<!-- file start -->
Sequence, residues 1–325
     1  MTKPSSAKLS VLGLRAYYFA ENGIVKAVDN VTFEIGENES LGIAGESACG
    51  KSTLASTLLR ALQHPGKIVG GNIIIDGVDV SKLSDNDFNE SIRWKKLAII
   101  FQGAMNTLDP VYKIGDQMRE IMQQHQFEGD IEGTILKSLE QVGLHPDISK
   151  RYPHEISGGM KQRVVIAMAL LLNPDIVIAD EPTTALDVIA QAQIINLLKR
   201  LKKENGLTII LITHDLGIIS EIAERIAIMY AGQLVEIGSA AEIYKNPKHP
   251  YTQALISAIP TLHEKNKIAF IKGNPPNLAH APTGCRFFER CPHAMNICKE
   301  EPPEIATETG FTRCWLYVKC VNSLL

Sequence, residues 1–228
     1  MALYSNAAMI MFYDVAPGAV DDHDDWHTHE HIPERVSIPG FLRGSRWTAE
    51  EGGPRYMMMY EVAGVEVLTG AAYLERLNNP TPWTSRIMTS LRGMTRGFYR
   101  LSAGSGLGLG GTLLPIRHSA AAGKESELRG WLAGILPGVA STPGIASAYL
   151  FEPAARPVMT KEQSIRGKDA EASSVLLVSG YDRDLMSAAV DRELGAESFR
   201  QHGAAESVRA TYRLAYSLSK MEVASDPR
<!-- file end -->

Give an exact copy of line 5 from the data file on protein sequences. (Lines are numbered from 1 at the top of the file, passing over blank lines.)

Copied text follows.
   151  RYPHEISGGM KQRVVIAMAL LLNPDIVIAD EPTTALDVIA QAQIINLLKR